2nd October 2018

Creating the Illusion of Space in Your Home

The idea of this lounge / dining area was to create the feeling of space, even though it isn’t the largest floor plan. The Three Birds have done an amazing job and this is a struggle for many people when building or renovating a home.

We’ve put together some great tips and ideas to help you design that odd space or one which just doesn’t quite fit in everything you dreamt of.

COLOURS & LIGHT

Keeping your colours light and fresh together with maximising the natural light coming into the home will give the illusion of more space.

Using mirrors on opposite walls to create the infinity effect or opposite a light source will help bounce the light around and make the room feel larger.

If you can, layer your spaces. What we mean by this is that if you have the opportunity to open up doors and windows to see through to other spaces, even if that is outside, take advantage of it to give a sense of extended space. If privacy is an issue, try some sheer curtains.

KEEP YOUR FLOOR FLOWING

A continuous floor is an easy trick to make a space feel light and airy. As with this home, keep the floor the same between spaces and don’t block the flow with rugs. Of course we’re not saying don’t use rugs at all, but keep them sparingly.

Adding a rug under the lounge and not in the walkway of this space has maintained an excellent flow and opened the space up. The rug is also not too large and isn’t jammed under furniture, with the free space around it creating the illusion of more room. A well-chosen rug like this one helps define the space and being long and narrow, it maintains the eyes flow through to the back of the room and to the courtyard and hall through to the kitchen.

SKIRTING BOARDS

A decorative skirting and architrave will add texture and detail to your space without taking up valuable room. The Intrim SK59 skirting board used in the Three Birds House 9 is tall (230mm high) but relatively narrow, creating the illusion of detail without the bulk. The large flat section and small detailing also helps with drawing the eye up and keeping a flow along the wall.

By painting your mouldings and trim white, it elongates the lines and helps the eye pass over the whole room and not be distracted by changes in colour, making the room open up and feel larger.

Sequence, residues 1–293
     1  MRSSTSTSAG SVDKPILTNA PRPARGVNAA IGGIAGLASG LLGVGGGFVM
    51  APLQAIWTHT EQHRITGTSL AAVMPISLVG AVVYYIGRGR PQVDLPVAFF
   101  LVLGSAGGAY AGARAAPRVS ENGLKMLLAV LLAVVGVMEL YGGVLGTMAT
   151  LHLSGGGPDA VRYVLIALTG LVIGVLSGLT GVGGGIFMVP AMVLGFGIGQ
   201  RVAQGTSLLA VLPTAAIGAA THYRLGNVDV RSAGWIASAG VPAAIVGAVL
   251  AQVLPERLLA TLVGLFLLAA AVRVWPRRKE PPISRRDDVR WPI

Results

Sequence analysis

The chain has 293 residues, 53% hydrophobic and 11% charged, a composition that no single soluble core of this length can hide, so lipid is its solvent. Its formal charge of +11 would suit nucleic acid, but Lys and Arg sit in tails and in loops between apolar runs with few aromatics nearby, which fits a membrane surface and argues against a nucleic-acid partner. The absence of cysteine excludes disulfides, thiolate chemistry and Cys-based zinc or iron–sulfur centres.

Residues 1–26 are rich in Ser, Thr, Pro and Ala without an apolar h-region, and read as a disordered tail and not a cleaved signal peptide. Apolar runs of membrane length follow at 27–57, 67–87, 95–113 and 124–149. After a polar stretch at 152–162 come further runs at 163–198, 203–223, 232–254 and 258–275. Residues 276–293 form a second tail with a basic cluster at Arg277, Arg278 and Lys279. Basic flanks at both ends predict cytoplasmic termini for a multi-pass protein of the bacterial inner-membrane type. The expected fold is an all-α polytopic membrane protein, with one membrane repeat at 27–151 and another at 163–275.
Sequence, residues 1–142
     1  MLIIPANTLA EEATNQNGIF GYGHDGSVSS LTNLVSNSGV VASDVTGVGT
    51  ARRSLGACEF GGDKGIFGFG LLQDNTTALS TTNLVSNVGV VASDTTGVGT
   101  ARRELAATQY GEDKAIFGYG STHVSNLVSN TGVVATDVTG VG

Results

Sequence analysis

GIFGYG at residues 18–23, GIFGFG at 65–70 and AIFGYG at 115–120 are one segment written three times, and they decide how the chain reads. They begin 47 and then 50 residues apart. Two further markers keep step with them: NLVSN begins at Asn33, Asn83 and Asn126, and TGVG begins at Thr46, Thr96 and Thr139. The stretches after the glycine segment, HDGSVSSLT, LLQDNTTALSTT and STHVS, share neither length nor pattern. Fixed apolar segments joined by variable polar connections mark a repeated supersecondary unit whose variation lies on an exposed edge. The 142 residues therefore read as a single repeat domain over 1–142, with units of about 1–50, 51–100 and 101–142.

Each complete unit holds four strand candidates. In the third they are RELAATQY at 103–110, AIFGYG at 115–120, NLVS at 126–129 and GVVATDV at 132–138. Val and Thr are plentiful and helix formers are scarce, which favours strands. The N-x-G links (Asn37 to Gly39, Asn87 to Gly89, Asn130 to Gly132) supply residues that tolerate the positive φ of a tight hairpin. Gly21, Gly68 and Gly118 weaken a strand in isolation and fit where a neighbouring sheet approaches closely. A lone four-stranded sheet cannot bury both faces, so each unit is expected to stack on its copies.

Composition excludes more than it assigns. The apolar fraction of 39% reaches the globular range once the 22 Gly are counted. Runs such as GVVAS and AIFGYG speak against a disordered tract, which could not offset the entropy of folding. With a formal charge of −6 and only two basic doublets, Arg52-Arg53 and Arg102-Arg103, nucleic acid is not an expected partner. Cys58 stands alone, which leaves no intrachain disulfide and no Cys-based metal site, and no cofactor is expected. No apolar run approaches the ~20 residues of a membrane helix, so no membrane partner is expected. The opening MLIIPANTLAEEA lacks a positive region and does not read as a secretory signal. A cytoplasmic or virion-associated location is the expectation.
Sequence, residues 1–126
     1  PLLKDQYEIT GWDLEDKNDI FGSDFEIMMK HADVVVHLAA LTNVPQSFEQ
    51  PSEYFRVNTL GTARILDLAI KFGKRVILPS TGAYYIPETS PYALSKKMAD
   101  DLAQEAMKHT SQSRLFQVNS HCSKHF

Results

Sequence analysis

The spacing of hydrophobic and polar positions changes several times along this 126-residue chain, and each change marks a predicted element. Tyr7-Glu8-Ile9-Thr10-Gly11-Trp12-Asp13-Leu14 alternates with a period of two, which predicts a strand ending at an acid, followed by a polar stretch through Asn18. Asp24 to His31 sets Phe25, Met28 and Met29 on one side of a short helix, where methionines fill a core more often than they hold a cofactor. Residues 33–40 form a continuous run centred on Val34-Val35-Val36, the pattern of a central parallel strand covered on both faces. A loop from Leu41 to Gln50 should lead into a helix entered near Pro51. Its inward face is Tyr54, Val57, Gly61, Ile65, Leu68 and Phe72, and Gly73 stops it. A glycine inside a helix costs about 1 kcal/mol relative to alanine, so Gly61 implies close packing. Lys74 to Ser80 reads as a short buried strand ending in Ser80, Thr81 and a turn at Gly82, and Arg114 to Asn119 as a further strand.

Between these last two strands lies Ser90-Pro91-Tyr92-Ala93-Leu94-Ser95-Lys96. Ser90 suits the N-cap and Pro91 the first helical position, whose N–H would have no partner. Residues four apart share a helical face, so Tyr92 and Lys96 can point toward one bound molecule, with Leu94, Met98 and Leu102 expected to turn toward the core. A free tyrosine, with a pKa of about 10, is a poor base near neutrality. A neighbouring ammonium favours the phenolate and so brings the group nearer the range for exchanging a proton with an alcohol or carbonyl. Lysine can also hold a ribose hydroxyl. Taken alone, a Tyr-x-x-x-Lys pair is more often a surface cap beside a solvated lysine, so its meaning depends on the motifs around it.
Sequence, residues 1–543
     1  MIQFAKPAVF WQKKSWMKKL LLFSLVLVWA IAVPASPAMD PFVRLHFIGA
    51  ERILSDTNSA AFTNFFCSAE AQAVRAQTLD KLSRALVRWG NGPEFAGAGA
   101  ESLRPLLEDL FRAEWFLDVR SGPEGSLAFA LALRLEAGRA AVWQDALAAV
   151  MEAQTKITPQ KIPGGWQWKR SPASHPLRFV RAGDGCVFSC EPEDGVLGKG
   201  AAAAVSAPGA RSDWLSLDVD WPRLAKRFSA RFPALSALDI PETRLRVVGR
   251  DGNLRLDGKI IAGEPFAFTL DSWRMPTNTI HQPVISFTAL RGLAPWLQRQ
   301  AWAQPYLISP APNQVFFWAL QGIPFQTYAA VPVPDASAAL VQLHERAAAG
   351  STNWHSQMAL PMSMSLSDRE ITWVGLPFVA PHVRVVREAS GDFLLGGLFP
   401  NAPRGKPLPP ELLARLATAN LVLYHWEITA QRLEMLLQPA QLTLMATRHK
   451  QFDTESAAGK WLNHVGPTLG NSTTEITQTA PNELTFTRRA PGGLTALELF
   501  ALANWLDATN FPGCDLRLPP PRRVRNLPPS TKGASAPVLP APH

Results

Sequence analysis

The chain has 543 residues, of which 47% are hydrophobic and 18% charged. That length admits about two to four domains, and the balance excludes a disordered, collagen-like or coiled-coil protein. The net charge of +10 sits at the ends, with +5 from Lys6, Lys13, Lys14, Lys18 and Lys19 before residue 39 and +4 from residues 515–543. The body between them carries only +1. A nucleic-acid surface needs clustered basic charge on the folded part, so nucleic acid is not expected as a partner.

Using the same skirting boards throughout your home will also create a flow to keep the eye moving forward.

We loved Bonnie’s reaction when she saw our skirting boards installed and painted, they really can give your room that punch it needs…

“The skirting here from Intrim looks amazing, I think because it looks so big. The detailing starts higher than the detailing in mine so therefore it looks bigger because you’ve got that flatter face. It’s freaking amazing isn’t it?” (Bonnie)

“It looks expensive doesn’t it?” (Lana)

BENCH SEATS

Transforming an aesthetic feature into something functional is essential in a smaller home, but very handy within any home. It makes the furniture feel like it is part of the wall and opens up the space, as well as provides for practical seating. For the best result, keep the built in feature the same colour as the walls to create a seamless effect.

The beautiful bench seats that were installed in this home were purely for the look, but were used as additional storage as an afterthought, which really increases the value and use of the home.

Somewhere to seat more friends and family so they can admire your home AND somewhere to stash more things – GENIUS!

STYLING

The colours were kept neutral and not dramatic so as to ensure a smooth flow and no elements were blocking the eye.

A good rule to follow to ensure a small space doesn’t feel cluttered is to make sure there is 60-100cm to walk between furniture or in thoroughfares.

An excellent tip from Lana is to use a lounge with a lower back so you can look past it, especially if it is a position near an entry or walkway.

If you are styling a long and narrow room like this one, instead of trying to place all of your furniture along the length, try to think of it as multiple spaces and create smaller ‘zones’ that work within the space. Bonnie has done this perfectly here creating the dining, living and single seat reading area in this home which makes it more functional and appear larger than it is.

If you’re limited for space take to your walls for decoration and try keep your floor space reserved for necessary items only.

Glass and furniture with ‘holes’ in them will also help create the feeling of a larger room. Transparent furniture will appear to take up less space while giving you some more functionality from your space.

The trick is to keep things simple, keep lines clean, keep colours bright and fresh and don’t over complicate your design or styling.

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